Sir Chettur Sankaran Nair was a well known public figure at the beginning of the 20th century. He had been a president of the Indian National Congress in 1897 and then, was elevated to the bench of the Madras high court as a judge and been knighted in 1912. In 1914, he was invited by the Viceroy Lord Hardinge to become a Member of the Viceroy’s Executive Council, the highest governing body in British India. He was the only Indian member of the Council.
When Lord Chelmsford sent his recommendations for reforms that advised that more time was required before Indians could be placed in higher positions, he dissented. His dissent came to the attention of the then Secretary of State for India, Austin Chamberlain who agreed with Sir Nair.
Sir Nair was in the Executive Council when the massacre at Jallianwala Bagh took place, and martial law was imposed in the Punjab. Even in this exalted position, he had not been aware of the horrors that were occurring there as press censorship was so severe in the Punjab. When news trickled down he was horrified that he was part of a government that had permitted these atrocities and resigned.
He went initially to England to fight for the right of Indians to govern themselves and later, on his return to India, wrote a book in which he blamed the then Lt. Governor of the Punjab, Sir Michael O’Dwyer for the atrocities that were committed. As Sir Nair refused to apologise or retract, O’Dwyer sued him for defamation at the Court of the Kings Bench in London to be tried by an English Judge and Jury. It was this case, that was followed by the entire world, that resulted in the world coming to know of the Jallianwala Bagh massacre and the British government’s atrocities.
In this excerpt from the book The Case That Shook the Empire, authors Raghu Palat and Pushpa Palat describes the events after the massacre.
But the news did trickle through, and Indians were appalled at the callous manner in which innocents had been massacred in Jallianwala Bagh and the horrors of martial law. These were viewed as yet another clear indication of British racialism and as an affront to Indians. Political intelligentsia now lost faith in British justice and rule, as did the rest of the people. There was a sense of intense outrage across India.
Edwin Montagu was at this time in London and had not really appreciated the enormity of the horrors of Jallianwala Bagh and the Punjab because he had not been given the entire story. The Government in India had only forwarded Deputy Commissioner Irving’s initial report that there had been 200 casualties.
Lord Chelmsford even stated that the ‘effect was salutary’. However, Montagu received reports from newspapers published outside the Punjab such as Bombay Chronicle and he asked the Viceroy for more information on the shooting in Amritsar, the imposition of martial law and the manner in which it was imposed.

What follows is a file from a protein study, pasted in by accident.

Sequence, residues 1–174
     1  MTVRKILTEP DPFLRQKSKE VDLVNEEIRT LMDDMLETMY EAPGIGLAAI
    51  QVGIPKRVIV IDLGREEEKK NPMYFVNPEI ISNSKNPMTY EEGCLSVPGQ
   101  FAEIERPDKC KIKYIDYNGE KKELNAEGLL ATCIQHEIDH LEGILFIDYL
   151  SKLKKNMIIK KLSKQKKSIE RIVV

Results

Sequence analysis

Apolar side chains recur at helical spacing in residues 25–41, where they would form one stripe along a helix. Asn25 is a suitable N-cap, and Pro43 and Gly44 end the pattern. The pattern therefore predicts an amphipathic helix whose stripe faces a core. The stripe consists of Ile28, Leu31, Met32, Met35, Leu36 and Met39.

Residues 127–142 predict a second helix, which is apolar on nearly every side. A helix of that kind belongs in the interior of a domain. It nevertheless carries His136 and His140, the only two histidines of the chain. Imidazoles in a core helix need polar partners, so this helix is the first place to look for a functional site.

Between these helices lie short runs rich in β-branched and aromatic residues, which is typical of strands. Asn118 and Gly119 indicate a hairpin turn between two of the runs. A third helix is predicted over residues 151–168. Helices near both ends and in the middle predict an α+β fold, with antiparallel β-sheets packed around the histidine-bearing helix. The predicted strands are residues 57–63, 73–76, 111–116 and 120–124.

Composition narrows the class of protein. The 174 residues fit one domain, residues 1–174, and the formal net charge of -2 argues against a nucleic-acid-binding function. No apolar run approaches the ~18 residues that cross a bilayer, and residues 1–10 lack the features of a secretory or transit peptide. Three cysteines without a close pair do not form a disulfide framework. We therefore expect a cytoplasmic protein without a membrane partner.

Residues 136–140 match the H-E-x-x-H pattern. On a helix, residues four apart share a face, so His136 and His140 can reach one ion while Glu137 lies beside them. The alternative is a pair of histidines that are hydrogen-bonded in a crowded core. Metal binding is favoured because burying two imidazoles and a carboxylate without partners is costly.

Chelmsford sent a telegram to Montagu on 21 May 1919 with the estimates of casualties at Delhi, Amritsar, Lahore, Ahmedabad and Calcutta, mentioning that about 6 or 9 Europeans and about 400 Indians were dead. He was also told about the imposition of martial law and the crawling order.
Chelmsford’s detailed report dated 7 May, which Montagu received on 8 June 1919, upset him. The crawling order was particularly obnoxious.
He immediately telegraphed the Viceroy:
‘Dyer’s judgement and temper have in my opinion proved so unreliable that I am of the opinion that he cannot be fit to retain command. I consider it very undesirable that he should continue in the army of India…I think you should relieve him of his command and send him to England.’
Lord Chelmsford, aware of how popular Dyer was with the army and Britishers in India, said Dyer’s prompt action had saved the Empire.
‘I was extremely sorry to get your telegram with regard to Dyer, not that I think it was unnatural in the circumstances… I have heard that Dyer administered Martial Law in Amritsar very reasonably and in no sense tyrannously. In these circumstances you will understand why it is that both the Commander–in–Chief and I feel very strongly that an error of judgement, transitory in nature, should not bring down upon him a penalty which would be out of proportion to the offence which must be balanced against very notable services which he rendered at an extremely critical time.’
Montagu’s reaction to this telegram shows his concern.